This September, Ryerson’s faculty of science unveiled a new physics laboratory in Kerr Hall East, encouraging their students to achieve higher goals in a more modern environment. Named 4M, the acronym stands for modular, multipurpose, modern, and mobile.
The room looks nothing like the other physics labs in Kerr Hall. The combination of the white walls and lighting creates a brightness that makes you squint when entering the room. The lab has two pillars, each circled by four stations with iMac computers. There’s an orange wall to break up the room and make it a more comfortable, unifying space.
“The idea is basically to do two things: to increase the utilization of a very outdated and large space, and secondly, to bring it therefore up-to-date from a pedagogical point of view,” said Ana Pejović-Milić, chair of the department of physics at Ryerson, who envisioned the project.
Before the 4M Lab, KHE 229 was seen as an underutilized space because of its dated infrastructure. Pejović-Milić said that the redesigned room allows different ways for students to engage and is intended for experiential learning because it’s not stationary.
“There is substantial body of evidence showing that if students are engaged into a process of learning rather than just listening to a lecture or to a person … the objectives are more achieved and there is more deep learning,” she said. “So less lecturing, more group work, more interactive, more hands-on.”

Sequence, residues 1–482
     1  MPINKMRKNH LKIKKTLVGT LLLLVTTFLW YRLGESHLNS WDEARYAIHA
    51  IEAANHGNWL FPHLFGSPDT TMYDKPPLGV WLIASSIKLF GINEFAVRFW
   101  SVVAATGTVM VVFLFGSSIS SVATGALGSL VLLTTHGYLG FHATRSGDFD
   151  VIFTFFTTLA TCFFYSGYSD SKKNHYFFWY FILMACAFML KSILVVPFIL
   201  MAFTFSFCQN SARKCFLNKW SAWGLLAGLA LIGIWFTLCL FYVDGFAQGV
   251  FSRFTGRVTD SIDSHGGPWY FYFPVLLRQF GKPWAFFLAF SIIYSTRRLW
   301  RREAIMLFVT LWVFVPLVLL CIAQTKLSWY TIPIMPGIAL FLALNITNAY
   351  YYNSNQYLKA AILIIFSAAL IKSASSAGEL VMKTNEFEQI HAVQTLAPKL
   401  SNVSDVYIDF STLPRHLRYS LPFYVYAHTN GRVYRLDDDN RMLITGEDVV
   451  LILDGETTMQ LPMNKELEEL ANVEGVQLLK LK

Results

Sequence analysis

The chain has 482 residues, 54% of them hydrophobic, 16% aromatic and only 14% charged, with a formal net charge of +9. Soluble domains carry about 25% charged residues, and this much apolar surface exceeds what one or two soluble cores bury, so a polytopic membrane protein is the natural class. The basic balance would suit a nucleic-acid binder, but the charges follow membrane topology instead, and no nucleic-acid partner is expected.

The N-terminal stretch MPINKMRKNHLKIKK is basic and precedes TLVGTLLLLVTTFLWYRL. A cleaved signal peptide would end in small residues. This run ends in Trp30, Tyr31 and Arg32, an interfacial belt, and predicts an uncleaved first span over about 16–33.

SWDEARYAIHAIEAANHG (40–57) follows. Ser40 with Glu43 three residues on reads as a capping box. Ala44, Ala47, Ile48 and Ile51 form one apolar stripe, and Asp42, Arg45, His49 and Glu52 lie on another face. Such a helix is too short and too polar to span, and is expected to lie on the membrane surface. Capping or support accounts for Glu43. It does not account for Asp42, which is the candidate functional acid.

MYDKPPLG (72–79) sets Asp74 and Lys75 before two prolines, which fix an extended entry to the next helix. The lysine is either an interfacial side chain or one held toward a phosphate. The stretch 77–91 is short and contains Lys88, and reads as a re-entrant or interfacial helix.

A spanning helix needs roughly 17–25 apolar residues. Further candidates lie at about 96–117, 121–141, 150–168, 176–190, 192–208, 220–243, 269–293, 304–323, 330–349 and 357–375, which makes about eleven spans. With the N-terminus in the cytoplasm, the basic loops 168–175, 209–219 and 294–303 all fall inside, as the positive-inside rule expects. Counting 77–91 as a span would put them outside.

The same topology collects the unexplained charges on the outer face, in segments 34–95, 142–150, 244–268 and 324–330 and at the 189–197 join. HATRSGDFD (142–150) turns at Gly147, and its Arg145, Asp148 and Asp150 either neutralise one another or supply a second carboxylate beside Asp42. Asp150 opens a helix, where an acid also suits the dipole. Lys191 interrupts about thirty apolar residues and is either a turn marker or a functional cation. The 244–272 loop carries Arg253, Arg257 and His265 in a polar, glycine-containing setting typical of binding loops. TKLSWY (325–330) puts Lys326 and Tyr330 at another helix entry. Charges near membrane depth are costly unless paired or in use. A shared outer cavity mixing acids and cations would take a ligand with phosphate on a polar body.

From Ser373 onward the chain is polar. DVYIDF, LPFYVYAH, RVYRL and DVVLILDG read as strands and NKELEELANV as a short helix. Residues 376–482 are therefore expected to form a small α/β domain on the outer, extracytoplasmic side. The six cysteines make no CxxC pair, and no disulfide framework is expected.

The non-stationary bench and furniture can be moved around the room freely. The original plan shows five layout possibilities for the room, but students have been creating even more options since it opened. It can be converted into a space for labs, tutorials, lectures, and meetings.
Since opening in September, the feedback has been positive. Graham Pearson, a 4M lab technologist, said that some students have passed by the lab and commented on how much they liked it.
But for Pejović-Milić, it’s too early to assess its overall success.
The 4M lab serves as a test ground to see if the same model could be applied again and has an impact on the functional planning of the future science building. It’s a way for the department to test different teaching styles in physics.
So far, the new science building is set to have five new labs and has already committed to include two 4M labs.
Featured image courtesy of Michael Kolios